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November 08, 2003

Matrix 3: First Layer

I thought that I was only going to have a few things to say about The Matrix besides thank you to George who has sponsored me in this endeavor during these days of penury. It turns out that it's going to require more than 1000 words. So since there is good news and bad news, I'll start with the bad news.

Satisfaction. Peace. Resolution. Disappointment.

Watching the Matrix is like wiping your ass with silk. It's a delightful, sensuous pleasure, but the closer you look at the results, the more you have to have to admit that there's too much crap in the fabric. So I'm going to have to first get the buttcrud out of the way so that we can meditate on the silk. In the end it all gets flushed down the toilet, but there is something to say about such contemplation isn't there?

Oracle 2.0
I'm sorry, but there is just no way that the final chapter of the Matrix Trilogy has survived the mutation of the Oracle into the new actress. This was her film and despite the admirable performance of the woman who took her place, there is a deep void. The whole soul of the Matrix world has shifted into nothingness. No, rather than nothingness a vague approximation of somethingness with wasted meaning. The Four Tentpoles of the Matrix (Oracle, Neo, Morpheus, Merovingian) have all folded into mere shadows of their former selves and formulaicly marched to their doom. When it's finally over, you're glad it's over. You can rest. All things that have a beginning, have an end. This came to a mediocre end, with a bang to be sure, but.. ah so long Matrix. No more mystery, just fatigue. And suddenly you don't have to worry about it any longer. It's over! It's over!

It is clear that the closure in this film came down to weight of the Oracle. Suddenly, everything the Merovingian said made perfect sense, and he wasn't even balanced. Morpheus became a disowned prophet. There is one scene near the beginning of the film, while it was still cool and well paced, in which the trio of Morpheus, Trinity and Seraph (The Oracle's Bodyguard) face the Merovingian. He does his sinister laugh once too many times and it breaks your concentration. Then after the world's largest Mexican standoff, the scene breaks. As they leave the Merovignian's Club, they are like Dorothy who has fronted on the Wizard, bold but desparately ignorant. They leave in their car. The look on Trinity's face in that moment as she expresses a desparate need to get guidance from the Oracle is the emotional center of the film. But there is no rescue in the Oracle. And you know salvation in the Matrix is not coming. The whole power of the Matrix Jedis is mute; there is nothing left to do but fight the machines in the real bloody world - desparately hurling a million bullets at a million metal monsters.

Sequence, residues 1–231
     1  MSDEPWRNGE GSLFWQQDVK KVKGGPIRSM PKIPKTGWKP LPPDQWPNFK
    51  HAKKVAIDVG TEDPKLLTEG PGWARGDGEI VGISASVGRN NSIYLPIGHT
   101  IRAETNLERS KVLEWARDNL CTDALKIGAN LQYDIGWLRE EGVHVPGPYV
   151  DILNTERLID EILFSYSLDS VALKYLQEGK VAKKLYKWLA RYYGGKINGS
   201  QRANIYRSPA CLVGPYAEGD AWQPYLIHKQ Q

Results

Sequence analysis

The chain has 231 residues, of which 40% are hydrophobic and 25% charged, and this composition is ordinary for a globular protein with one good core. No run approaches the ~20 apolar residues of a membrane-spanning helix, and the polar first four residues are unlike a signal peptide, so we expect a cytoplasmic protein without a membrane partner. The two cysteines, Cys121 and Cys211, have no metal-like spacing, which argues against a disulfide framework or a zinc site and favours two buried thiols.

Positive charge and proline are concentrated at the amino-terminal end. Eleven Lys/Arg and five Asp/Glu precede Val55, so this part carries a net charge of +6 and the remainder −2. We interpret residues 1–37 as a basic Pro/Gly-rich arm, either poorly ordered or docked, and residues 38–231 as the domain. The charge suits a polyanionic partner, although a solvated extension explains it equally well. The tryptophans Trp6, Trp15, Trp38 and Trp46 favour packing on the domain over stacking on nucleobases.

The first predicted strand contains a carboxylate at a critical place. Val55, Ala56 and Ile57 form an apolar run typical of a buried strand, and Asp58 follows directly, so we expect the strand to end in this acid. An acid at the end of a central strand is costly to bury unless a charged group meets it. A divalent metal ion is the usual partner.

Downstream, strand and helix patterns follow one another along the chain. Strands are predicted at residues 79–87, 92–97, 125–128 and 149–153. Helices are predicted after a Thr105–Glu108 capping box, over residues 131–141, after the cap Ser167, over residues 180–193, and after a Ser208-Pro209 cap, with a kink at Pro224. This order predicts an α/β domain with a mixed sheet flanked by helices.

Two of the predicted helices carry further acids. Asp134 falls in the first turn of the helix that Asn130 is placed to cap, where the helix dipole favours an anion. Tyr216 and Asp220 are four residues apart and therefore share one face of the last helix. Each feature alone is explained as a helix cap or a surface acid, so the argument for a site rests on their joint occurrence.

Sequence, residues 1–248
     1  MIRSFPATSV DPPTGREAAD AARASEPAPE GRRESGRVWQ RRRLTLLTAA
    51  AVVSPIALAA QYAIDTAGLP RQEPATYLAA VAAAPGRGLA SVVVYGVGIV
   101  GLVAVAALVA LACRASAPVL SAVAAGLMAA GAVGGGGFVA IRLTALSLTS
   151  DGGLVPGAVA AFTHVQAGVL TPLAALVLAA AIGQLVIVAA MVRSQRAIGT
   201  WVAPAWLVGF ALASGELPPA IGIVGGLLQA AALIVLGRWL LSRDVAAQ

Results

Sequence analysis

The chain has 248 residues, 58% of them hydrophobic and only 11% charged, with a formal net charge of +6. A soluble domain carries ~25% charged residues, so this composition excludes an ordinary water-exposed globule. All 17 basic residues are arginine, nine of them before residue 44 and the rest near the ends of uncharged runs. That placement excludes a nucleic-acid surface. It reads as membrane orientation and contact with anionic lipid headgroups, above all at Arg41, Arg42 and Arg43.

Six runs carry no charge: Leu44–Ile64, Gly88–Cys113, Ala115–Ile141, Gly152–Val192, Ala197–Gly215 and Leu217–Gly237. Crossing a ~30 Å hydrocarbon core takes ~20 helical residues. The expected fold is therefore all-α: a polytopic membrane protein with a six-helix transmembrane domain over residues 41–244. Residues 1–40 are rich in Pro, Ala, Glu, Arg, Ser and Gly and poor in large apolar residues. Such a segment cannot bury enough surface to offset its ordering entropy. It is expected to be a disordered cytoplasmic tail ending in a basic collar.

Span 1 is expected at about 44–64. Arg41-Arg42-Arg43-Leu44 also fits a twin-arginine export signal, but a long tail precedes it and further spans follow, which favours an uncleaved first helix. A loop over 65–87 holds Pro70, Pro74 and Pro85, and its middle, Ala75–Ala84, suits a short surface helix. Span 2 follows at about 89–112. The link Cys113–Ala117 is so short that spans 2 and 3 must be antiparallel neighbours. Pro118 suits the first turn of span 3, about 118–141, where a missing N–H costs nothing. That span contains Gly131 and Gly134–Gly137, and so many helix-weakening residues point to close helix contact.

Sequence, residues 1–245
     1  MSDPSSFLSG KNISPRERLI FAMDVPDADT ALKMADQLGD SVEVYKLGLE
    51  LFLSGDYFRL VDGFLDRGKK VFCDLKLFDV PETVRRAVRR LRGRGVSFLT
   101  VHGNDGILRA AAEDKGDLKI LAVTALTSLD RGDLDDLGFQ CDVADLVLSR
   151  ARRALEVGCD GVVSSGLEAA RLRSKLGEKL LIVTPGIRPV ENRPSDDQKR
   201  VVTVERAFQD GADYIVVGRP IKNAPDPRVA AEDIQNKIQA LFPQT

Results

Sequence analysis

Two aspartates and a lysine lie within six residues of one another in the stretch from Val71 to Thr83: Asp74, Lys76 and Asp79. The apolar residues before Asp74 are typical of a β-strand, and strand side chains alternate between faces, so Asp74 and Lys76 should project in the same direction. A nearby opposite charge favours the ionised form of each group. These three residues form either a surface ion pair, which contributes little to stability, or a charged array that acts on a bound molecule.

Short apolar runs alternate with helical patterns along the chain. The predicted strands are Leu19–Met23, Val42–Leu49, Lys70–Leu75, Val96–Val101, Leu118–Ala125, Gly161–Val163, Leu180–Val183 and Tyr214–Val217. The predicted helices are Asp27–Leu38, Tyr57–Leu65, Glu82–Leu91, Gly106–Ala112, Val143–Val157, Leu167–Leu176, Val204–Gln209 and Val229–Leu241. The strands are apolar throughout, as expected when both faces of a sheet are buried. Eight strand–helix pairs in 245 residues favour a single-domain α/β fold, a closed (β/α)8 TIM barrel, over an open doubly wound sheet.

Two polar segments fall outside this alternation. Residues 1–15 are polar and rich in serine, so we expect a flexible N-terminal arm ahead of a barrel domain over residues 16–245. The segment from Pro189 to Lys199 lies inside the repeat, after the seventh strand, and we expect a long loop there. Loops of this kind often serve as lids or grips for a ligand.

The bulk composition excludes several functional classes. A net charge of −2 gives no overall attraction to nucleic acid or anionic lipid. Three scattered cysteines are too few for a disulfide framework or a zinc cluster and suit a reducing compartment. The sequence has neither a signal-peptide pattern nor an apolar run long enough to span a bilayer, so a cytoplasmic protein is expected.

The change in the Oracle over-reverbrates in this film. She was more human than all of the humans. And yet she is there in a new gaunter body. Everything that comes out of the Oracle's mouth is oracular. But the smile is gone, the smoking cigarettes seem to be a painful chore. She's some other woman in your mother's kitchen and the cookies just don't taste the same. It's worse than watching the new Darrin on Bewitched. It's worse than listening to the new fake Fred Flintstone in the Fruity Pebbles commercials. It's like living with Jesse Jackson after Martin Luther King is dead. All the substance of the Oracle was left in. All the love for the woman in front of your eyes is gone. It's something I valiantly tried to deal with. Bearing the loss of Gloria Foster is more than the soul of the Trilogy can handle. And this shows how much I loved the film series, because it hurts.

Posted by mbowen at November 8, 2003 11:43 AM

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